PARACHINAR, Pakistan – PARACHINAR, Pakistan (AP) — Fighter jets pounded militant hide-outs in northwestern Pakistan on Sunday, killing 10 suspected insurgents as part of a military operation that has eliminated more than 300 fighters in the last three weeks, an official said.
The strikes came as the Pakistani military is holding its largest military exercise in two decades in southeastern Pakistan. The monthlong operation, which started Saturday, will involve some 20,000 troops backed by tanks, artillery and air power, the army said in a statement. It is likely intended as a show of muscle as the military battles a violent Taliban-led insurgency.
The military launched its latest offensive in March to rout members of the Pakistani Taliban from the Orakzai tribal region. Many militants fled there after the army staged a large ground offensive last year against the group's main stronghold in South Waziristan, also close to the Afghan border.
Sunday's airstrikes destroyed three hide-outs in the Sangram area of Orakzai, said Samiullah Khan, a local administrator. They came a day after similar strikes killed nearly 100 suspected militants in the Orakzai and Khyber tribal areas, according to officials.
The army has described its operations in Orakzai, Khyber and neighboring Kurram as part of a final push against the Pakistani Taliban, characterizing the group as on its heels.
But Taliban spokesman Azam Tariq denied that Sunday, saying the military has exaggerated its success against the group.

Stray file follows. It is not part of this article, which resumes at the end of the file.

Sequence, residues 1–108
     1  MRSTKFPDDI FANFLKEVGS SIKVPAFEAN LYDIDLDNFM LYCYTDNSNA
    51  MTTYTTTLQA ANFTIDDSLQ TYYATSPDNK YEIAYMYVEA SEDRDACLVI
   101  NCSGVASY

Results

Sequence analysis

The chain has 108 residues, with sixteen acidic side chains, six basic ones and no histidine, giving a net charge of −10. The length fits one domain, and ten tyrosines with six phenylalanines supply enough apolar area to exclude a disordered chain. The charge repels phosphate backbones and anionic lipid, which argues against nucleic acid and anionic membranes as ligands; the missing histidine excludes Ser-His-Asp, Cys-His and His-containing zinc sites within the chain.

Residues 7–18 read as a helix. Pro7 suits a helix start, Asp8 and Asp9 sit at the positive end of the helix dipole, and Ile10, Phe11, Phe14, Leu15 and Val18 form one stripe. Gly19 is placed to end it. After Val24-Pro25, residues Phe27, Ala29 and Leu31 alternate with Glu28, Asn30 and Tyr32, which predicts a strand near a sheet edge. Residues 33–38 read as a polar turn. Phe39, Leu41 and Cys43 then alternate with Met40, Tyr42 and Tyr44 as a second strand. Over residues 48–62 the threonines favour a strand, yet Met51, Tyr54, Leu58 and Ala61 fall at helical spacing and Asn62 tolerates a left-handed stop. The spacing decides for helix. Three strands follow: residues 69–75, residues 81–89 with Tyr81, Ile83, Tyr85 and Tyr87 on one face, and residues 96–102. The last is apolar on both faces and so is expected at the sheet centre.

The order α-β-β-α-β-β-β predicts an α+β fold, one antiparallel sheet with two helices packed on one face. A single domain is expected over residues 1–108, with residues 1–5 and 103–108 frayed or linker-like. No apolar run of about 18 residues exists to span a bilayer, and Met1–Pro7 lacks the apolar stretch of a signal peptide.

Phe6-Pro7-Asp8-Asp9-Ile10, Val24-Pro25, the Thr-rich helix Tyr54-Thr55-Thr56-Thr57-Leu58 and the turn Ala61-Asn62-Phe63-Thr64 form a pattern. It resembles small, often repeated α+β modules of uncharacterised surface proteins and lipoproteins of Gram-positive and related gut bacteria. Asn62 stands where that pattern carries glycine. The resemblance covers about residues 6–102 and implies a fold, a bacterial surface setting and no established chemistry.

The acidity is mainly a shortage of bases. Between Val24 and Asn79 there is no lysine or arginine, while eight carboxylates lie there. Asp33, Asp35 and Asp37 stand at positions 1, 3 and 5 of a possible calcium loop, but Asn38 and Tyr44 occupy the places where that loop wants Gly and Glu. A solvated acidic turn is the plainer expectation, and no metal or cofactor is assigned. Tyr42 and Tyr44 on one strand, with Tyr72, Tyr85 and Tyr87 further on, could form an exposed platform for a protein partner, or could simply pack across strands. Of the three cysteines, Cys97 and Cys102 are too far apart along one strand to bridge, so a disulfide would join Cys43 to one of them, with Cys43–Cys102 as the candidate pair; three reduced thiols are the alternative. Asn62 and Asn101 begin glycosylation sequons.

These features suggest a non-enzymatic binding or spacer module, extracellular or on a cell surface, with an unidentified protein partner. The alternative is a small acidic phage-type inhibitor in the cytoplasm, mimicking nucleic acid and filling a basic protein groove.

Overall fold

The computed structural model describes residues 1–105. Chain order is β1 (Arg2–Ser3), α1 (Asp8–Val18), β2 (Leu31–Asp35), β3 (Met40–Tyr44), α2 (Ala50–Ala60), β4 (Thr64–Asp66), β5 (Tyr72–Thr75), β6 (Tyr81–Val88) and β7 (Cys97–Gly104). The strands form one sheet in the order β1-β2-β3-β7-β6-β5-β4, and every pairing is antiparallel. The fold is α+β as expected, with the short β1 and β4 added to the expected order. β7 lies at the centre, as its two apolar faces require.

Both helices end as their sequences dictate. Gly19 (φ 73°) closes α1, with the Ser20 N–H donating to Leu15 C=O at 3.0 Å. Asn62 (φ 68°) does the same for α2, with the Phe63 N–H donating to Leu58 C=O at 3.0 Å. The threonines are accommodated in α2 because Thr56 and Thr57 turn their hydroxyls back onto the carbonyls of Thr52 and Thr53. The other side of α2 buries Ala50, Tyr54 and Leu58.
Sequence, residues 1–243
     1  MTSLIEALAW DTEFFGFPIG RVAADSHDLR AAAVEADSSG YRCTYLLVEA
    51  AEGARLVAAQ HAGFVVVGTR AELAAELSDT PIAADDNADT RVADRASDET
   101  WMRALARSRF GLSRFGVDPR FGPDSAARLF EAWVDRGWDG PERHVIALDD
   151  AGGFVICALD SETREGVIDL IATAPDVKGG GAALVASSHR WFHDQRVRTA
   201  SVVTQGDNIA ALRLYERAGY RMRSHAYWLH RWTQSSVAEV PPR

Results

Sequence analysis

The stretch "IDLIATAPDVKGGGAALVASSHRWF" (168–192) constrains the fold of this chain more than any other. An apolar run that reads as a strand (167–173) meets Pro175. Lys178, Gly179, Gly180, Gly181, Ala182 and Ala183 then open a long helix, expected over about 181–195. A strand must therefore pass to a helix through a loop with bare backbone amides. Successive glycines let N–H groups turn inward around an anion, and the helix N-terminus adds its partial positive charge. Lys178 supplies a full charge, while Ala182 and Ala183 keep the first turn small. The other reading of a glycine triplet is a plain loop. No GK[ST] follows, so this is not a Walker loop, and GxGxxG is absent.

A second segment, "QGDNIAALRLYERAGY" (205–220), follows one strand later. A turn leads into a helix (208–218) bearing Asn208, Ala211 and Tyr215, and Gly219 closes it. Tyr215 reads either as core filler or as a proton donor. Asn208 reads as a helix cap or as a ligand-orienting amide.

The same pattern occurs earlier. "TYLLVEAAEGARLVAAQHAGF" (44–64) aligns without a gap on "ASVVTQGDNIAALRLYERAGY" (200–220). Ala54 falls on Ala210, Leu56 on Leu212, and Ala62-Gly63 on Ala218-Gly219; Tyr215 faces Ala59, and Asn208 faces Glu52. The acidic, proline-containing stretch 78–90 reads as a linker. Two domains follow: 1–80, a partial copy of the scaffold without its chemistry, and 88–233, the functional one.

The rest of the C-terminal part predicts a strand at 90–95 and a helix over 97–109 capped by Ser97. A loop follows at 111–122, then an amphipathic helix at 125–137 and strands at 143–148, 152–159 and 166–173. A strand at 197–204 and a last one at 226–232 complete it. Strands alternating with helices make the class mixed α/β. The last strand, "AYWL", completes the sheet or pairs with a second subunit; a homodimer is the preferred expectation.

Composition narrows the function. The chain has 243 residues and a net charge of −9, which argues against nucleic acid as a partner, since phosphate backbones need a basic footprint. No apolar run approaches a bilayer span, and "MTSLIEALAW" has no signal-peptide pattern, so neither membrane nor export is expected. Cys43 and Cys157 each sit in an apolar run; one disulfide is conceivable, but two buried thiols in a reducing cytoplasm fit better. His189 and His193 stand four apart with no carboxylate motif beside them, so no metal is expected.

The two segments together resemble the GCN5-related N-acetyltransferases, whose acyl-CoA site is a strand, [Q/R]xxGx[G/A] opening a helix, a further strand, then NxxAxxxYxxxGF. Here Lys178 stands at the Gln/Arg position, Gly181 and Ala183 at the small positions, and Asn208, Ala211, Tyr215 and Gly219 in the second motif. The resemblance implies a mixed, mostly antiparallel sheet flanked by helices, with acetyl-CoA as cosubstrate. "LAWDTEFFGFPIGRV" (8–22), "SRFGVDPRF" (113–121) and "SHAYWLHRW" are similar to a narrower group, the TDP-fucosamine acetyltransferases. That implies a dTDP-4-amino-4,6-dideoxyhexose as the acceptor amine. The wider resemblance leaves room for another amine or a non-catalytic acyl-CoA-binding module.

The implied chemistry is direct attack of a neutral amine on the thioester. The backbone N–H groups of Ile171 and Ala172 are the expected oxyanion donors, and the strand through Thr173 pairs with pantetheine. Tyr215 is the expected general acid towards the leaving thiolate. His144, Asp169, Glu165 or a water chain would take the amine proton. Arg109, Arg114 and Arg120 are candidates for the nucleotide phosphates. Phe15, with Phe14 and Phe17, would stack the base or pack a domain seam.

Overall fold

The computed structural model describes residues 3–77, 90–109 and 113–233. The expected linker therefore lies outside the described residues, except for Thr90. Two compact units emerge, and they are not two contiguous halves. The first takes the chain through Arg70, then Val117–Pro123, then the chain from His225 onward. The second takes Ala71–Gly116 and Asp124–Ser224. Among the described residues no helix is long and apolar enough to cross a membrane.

"Our leadership and all key commanders are alive and active," Tariq told The Associated Press by telephone from an undisclosed location. "Our losses are very small compared to what is claimed by the army."
Tariq said the Taliban plans to increase its attacks in the coming months now that winter has ended.
Fighting has historically dropped off in both Pakistan and Afghanistan during the winter, when heavy snowfall makes movement in the rugged, mountainous border area difficult.
Tariq said the Taliban have already resumed attacks against the army in South Waziristan in recent days, inflicting "massive damage." Army officials could not be reached for comment.
Claims by the Taliban and the government in the tribal areas are almost impossible to independently verify because journalists are prohibited from traveling there.
Elsewhere in the northwest, gunmen ambushed a police patrol on Sunday as it was crossing a bridge in the town of Mardan, killing one officer and wounding two others, police official Jawed Khan said.
Authorities also found the body of a second police officer at a checkpoint several miles (kilometers) from the ambush site. His throat had been cut, Khan said.
Mardan is in North West Frontier Province, an area where the military has battled a persistent Taliban insurgency.
Associated Press writers Riaz Khan in Peshawar and Ishtiaq Mahsud in Dera Ismail Khan contributed to this report.